* Extract from the South China Morning Post.
Hong Kong is home to some 70 museums, and their treasures combined make for a respectable collection of cultural artefacts. Still, Hong Kong cannot yet be considered among the world’s great museum cities.
Now, the recently concluded Museum Summit has certainly put the Hong Kong Special Administrative Region (HKSAR) firmly on the world’s museum map. This is the first-ever event of its kind in Hong Kong.
The resulting Museum Summit, carrying the theme “Museums in a New Era”, was organised by the LCSD in association with Beijing’s Palace Museum.
The Summit served two main purposes.
First, as the host, Hong Kong played the role of a “super-coordinator” by offering a platform on which professionals could share insights, exchange best practices and establish closer relationships, to the benefit of everyone involved.
Secondly, the Summit helps local museum professionals to learn from other top-trained counterparts. Its six sessions held over two days covered a range of topics, inviting an honest exchange of ideas.
Vinod Daniel, Chairman of AusHeritage, Australia’s international cultural heritage network, felt strongly that Hong Kong’s organising of the Museum Summit would ultimately prove highly beneficial to the city.
The Summit was about interpersonal relationships, he said, and the top international museum professionals who attended would now be able to nurture professional relationships with their local colleagues.
“There are many talented people in Hong Kong, and the city gets people from all over the world whom young people can learn from. Ultimately, a city needs the local community to move up into senior jobs [after proper education] and to be sustainable.”
“In recent years, mainland China has opened between 200 and 300 new museums annually. Macau will also see interesting developments. The whole landscape in this part of the world is changing dramatically.”
Daniel has accumulated three decades of experience in the field, starting from the Los Angeles-based Getty Conservation Trust and then moving to Australia after five years. Trained as a chemical engineer, Daniel pioneered an innovative measure to remove oxygen from certain display cases so as to better preserve their rare contents.
Across the world, he has been involved in over 40 projects, including current efforts to conserve a mummy and helping to transform part of Myanmar’s Secretariat Building of General Aung San into a museum.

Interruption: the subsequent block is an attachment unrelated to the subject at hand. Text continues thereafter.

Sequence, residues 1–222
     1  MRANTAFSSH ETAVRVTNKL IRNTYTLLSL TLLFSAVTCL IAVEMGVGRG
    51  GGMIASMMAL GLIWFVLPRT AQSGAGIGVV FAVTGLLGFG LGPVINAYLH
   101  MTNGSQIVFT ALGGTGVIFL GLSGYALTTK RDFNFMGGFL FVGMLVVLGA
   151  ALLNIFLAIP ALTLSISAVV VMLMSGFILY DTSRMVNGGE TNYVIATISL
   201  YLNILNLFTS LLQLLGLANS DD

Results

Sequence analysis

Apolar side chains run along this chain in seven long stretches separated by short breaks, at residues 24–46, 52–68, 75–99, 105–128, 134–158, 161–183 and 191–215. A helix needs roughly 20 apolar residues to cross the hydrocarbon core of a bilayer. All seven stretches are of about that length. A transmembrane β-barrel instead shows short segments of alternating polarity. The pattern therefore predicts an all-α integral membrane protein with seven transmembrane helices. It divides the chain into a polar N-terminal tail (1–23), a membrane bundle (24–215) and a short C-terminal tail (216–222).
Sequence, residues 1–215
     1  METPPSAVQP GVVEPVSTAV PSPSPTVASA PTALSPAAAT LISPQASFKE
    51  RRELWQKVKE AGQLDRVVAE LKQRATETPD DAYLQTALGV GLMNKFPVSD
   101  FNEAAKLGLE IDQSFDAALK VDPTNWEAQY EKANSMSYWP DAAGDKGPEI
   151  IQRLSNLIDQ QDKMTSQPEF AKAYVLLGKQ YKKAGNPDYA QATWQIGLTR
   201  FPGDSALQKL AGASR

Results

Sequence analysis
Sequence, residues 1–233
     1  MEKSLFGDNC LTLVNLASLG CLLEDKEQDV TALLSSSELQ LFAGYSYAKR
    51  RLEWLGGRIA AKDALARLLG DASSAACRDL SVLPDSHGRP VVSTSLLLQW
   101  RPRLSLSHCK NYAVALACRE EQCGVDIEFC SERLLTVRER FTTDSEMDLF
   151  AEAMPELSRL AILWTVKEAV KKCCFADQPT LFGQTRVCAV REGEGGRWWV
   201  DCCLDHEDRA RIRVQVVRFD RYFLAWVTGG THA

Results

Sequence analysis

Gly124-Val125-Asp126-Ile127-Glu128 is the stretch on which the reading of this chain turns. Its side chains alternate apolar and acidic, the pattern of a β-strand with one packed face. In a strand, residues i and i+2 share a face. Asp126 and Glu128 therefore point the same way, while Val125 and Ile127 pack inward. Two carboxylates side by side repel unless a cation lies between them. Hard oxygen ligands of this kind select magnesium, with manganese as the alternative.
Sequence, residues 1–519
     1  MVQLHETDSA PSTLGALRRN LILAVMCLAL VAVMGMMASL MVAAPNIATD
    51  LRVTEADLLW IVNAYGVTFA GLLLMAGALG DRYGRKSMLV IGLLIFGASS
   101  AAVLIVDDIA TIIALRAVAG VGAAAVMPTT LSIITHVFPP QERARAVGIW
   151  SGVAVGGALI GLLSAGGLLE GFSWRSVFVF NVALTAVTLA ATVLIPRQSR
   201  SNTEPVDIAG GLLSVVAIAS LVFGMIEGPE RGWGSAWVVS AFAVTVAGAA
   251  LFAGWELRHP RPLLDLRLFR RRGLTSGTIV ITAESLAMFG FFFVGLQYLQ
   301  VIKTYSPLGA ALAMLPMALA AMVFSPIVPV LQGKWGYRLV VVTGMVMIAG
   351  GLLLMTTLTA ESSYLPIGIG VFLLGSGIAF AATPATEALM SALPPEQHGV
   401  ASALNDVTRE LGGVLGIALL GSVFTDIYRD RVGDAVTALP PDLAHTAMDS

Apart from Daniel, the Summit was also joined by Suhanya Raffel, Executive Director of M+ Hong Kong.
A noted specialist in modern art and contemporary architecture, Raffel used to work at the renowned Queensland Art Gallery & Gallery of Modern Art, leading the institution’s flagship project, the “Asia Pacific Triennial of Contemporary Art”. But it was at Australia’s Art Gallery of New South Wales, a distinguished 146-year-old museum with a significant collection of Victorian art, that she made a name for herself.
“M+ Hong Kong, which is the SAR’s museum of visual culture, has a team of eminent, full-time specialist curators from Hong Kong and beyond. We have an international staff that befits an international museum,” said Raffel.
While the M+ building is not scheduled to open until 2019, the team has wasted no time in preparing its exhibitions. “Canton Express”, now going on at the M+ Pavilion in the West Kowloon Cultural District, brings back a “ground-breaking” exhibition of contemporary art by Pearl River Delta artists.
Many of the Summit speakers talked about the importance of attracting larger audiences through the use of technology, and Raffel was no exception, sharing with fellow museum executives a wealth of practices initiated by M+ Hong Kong.
The Museum Summit will not transform Hong Kong into a city of museums overnight. But with ever more world-class curators keen to visit the city to share and connect, plus the contributions of emerging young local talent, it is hoped that Hong Kong will play a more active role in the field of heritage and museum.
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